Early Notables of the Arscott family

Notable amongst the family at this time was

  • Arthur Arscott (1683-1762) of Tetcott, Devon, a British landowner and politician who sat in the House of Commons from 1722 to 1747
  • John Arscott (1613-1675), of Tetcott, Devon, was Sheriff of Devon in 1675. He was the eldest son and heir of Edmund Arscott (1588-1656), of Tetcott. Arthur Arscott (1554-1618), the sheriff's grandfath...

Australia Arscott migration to Australia +

Emigration to Australia followed the First Fleets of convicts, tradespeople and early settlers. Early immigrants include:

Arscott Settlers in Australia in the 19th Century
  • Mr. John Arscott, English convict who was convicted in London, England for life, transported aboard the "Augusta Jessie" on 27 September 1834, arriving in Tasmania (Van Diemen's Land) [5]

New Zealand Arscott migration to New Zealand +

Emigration to New Zealand followed in the footsteps of the European explorers, such as Captain Cook (1769-70): first came sealers, whalers, missionaries, and traders. By 1838, the British New Zealand Company had begun buying land from the Maori tribes, and selling it to settlers, and, after the Treaty of Waitangi in 1840, many British families set out on the arduous six month journey from Britain to Aotearoa to start a new life. Early immigrants include:

Arscott Settlers in New Zealand in the 19th Century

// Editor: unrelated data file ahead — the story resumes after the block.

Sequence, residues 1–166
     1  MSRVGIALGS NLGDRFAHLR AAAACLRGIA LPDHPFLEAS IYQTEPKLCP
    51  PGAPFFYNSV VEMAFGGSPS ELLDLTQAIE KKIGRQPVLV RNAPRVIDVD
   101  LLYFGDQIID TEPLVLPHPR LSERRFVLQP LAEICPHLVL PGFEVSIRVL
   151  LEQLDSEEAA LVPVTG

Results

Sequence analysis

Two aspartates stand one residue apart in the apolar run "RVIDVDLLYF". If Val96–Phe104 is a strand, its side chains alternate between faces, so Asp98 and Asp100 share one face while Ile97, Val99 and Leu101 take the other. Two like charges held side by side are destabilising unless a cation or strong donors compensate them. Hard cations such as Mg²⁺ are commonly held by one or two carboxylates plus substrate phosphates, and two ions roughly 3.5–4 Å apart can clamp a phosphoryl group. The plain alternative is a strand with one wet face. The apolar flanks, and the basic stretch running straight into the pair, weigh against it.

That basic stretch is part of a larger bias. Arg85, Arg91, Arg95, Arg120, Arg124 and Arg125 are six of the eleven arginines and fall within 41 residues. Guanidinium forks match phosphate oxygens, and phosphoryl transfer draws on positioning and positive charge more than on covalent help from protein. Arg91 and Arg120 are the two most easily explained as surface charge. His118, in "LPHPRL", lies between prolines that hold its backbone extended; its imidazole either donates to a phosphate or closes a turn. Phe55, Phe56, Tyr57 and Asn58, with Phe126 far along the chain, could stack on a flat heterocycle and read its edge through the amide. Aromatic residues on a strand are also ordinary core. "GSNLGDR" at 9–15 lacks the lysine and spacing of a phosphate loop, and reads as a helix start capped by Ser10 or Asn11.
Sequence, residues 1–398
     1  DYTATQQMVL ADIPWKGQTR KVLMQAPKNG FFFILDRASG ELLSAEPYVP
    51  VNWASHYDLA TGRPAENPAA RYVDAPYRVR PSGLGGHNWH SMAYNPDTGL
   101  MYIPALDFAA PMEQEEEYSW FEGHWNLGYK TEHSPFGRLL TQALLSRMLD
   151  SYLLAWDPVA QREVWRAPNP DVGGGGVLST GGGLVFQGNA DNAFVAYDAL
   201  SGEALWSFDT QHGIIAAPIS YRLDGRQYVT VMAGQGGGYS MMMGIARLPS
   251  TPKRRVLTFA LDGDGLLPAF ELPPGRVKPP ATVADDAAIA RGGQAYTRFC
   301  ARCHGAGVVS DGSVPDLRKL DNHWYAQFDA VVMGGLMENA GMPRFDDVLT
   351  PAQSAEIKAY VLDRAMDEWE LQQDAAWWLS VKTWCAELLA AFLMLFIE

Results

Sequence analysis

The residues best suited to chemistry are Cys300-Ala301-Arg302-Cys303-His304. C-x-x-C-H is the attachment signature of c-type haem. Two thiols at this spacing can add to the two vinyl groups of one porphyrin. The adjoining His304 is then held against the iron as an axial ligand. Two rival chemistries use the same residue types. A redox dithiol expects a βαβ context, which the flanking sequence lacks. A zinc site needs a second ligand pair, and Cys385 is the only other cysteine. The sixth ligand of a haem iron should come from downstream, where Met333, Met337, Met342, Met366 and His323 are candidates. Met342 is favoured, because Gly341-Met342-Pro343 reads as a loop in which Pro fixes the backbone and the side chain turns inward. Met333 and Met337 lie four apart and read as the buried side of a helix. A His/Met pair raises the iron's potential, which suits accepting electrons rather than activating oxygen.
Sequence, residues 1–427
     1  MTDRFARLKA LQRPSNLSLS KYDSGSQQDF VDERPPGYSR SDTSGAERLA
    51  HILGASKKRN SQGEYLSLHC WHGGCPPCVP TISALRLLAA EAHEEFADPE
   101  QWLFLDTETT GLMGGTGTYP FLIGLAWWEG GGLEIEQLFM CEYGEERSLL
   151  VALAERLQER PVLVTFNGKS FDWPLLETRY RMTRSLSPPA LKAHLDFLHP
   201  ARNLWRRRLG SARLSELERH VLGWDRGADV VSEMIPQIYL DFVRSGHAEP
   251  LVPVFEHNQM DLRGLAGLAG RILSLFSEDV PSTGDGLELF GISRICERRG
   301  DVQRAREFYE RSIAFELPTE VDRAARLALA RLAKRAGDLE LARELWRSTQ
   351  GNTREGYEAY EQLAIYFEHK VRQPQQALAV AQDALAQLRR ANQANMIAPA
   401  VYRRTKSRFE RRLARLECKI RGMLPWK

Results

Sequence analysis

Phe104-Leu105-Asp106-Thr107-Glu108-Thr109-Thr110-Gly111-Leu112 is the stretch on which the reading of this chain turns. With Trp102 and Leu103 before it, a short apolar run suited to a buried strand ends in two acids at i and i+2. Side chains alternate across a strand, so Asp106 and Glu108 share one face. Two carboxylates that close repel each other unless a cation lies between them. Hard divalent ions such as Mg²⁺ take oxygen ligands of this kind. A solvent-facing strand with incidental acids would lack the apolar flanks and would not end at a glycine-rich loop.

• Edward Arscott, who arrived in Auckland, New Zealand aboard the ship "Glendevon" in 1864
  • Edward Arscott, who arrived in Auckland, New Zealand aboard the ship "Talbot" in 1864

Contemporary Notables of the name Arscott (post 1700) +

  • Jonathan "Jono" Paul Arscott (b. 1970), English former cricketer who played for Cambridge University
  • Nicky Arscott (b. 1983), English poet and artist who lives and works near Machynlleth, Powys, Wales
  • Tom Arscott (b. 1987), English rugby union player who played most recently with Newcastle Falcons.
  • Robert Arscott (b. 1952), English professional footballer
  • David Arscott, British author, local historian and publisher from Sussex who has published more than 40 books about Sussex
  • Caroline Arscott, British Emeritus Professor of the History of Art at the Courtauld Institute
  • Luke Arscott (b. 1984), British rugby union player from Plymouth, Devon, who played for Bristol Rugby in the RFU Championship
  • Felix Medland Arscott (1922-1996), British mathematician, member of the Society for Industrial and Applied Mathematics from 1976.

  1. Mills, A.D., Dictionary of English Place-Names. Oxford: Oxford University Press, 1991. Print. (ISBN 0-19-869156-4)
  2. Lewis, Samuel, A Topographical Dictionary of England. Institute of Historical Research, 1848, Print.
  3. Worth, R.N., A History of Devonshire London: Elliot Stock, 62, Paternoster Row, E.G., 1895. Digital
  4. Reaney, P.H and R.M. Wilson, A Dictionary of English Surnames. London: Routledge, 1991. Print. (ISBN 0-415-05737-X)
  5. Convict Records Voyages to Australia (Retrieved 14th August 2020). Retrieved from on Facebook